The fate of millions of undocumented workers for whom the threat of deportation had been lifted by President Obama’s executive order last November now rests with a three-judge panel in New Orleans. Twenty-six Republican-led states brought the legal challenge, which resulted in a right-wing judge in Texas putting the whole program on hold in February.
From the start, we in Socialist Alternative have said that, while Obama’s executive order is an important step forward which we welcome, it does not go nearly far enough. After six years of record levels of deportations on his watch, the executive order promised to lift the constant terror of families being ripped apart for less than half of the undocumented population. We have consistently called for lifting the threat of deportation for all those who have been forced by economic circumstances, often the result of U.S. policies, to make their way to the United States.
The political establishment in Washington has been deadlocked for years on the question of “comprehensive immigration reform.” Big business supports the idea of granting status to immigrant workers but with a very long “path to citizenship” and minimal legal rights as a way of maintaining the flow of cheap labor and keeping immigrant workers in a third-class status.
On the other hand, the right wants to maintain and intensify the current regime of terror in immigrant communities and spend billions on ever-higher fences at the southern border. They use the issue of immigration, along with gun rights and abortion, to whip up their base.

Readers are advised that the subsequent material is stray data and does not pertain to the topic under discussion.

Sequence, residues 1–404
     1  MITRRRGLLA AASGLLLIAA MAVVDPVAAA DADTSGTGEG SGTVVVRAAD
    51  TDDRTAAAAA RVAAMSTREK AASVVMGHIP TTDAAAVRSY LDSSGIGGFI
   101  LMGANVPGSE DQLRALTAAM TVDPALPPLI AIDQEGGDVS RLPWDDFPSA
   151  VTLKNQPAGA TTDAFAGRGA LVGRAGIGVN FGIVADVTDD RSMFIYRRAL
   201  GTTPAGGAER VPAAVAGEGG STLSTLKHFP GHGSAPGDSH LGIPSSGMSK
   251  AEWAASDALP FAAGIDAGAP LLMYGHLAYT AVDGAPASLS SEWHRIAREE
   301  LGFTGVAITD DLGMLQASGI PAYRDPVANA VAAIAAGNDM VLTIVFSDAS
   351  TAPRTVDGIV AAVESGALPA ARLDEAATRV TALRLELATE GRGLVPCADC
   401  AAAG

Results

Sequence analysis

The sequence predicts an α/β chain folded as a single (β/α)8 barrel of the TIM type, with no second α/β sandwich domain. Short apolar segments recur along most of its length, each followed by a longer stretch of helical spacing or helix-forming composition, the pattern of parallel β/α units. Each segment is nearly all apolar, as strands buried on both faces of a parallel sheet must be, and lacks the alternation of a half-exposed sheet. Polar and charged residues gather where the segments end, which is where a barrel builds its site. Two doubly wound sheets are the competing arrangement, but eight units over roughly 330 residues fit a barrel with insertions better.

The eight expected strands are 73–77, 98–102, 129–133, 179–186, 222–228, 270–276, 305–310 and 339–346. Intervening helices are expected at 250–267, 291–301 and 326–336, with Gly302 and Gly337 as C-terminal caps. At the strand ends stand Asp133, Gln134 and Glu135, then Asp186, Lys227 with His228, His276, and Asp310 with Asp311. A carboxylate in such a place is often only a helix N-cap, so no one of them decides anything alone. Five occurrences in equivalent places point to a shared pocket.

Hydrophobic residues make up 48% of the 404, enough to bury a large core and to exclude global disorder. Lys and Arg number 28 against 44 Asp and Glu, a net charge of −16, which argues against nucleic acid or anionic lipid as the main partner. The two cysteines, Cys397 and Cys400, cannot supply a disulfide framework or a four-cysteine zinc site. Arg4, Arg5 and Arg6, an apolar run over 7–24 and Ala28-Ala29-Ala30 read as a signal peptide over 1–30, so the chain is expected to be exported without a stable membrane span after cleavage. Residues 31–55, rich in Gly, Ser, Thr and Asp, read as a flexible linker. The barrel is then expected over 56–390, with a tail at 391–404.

With 11 million undocumented workers here, the third-class status of these workers only serves to divide the working class. It forces a whole section into accepting poverty wages, thus undermining all wages. This can be cut across by a joint fight for full legal rights for all undocumented workers, an end to poverty wages for all, and a massive works program to create jobs, housing, social services, and free education for all through college. On the basis of a joint struggle for these demands, working people in the U.S. have no interest in maintaining the current position of millions of undocumented workers. In fact, the opposite is the case: Full rights for all immigrant workers will enormously strengthen the position of the working class in its fight with the 1%.
In 2005 and 2006, immigrant communities rose up and demanded their rights. Millions came onto the streets across the U.S. in the biggest mass demonstrations in the country’s history. This culminated on May Day 2006, when hundreds of thousands of immigrant workers went on strike. The port of Los Angeles was shut.
This inspiring mass movement succeeded in pushing back the attacks of the right and pointed the way toward the revival of a fighting mass labor movement. Unfortunately, it was largely isolated from the native-born working class and was then ground down by ferocious repression. Since then, immigrant “Dreamer” youth have maintained a heroic struggle against the unjust immigration laws. Workers facing deportation have gone on hunger strike in ICE jails.
Today, as tens of thousands of workers and youth take to the streets calling for $15 and a union and to assert that Black Lives Matter, there is a real opportunity to build a mass movement of working people that would unite key sections of the native-born working class and immigrant workers around a common set of demands. Such a movement must be independent of the Democrats, who at every step loudly proclaim their sympathy with immigrants but are only willing to countenance reforms acceptable to corporate America.
- End the threat of deportations for all undocumented workers and their families
- Full rights for all immigrants
- Repeal all anti-trade union laws
- For a mass organizing drive to bring all low paid workers into the unions.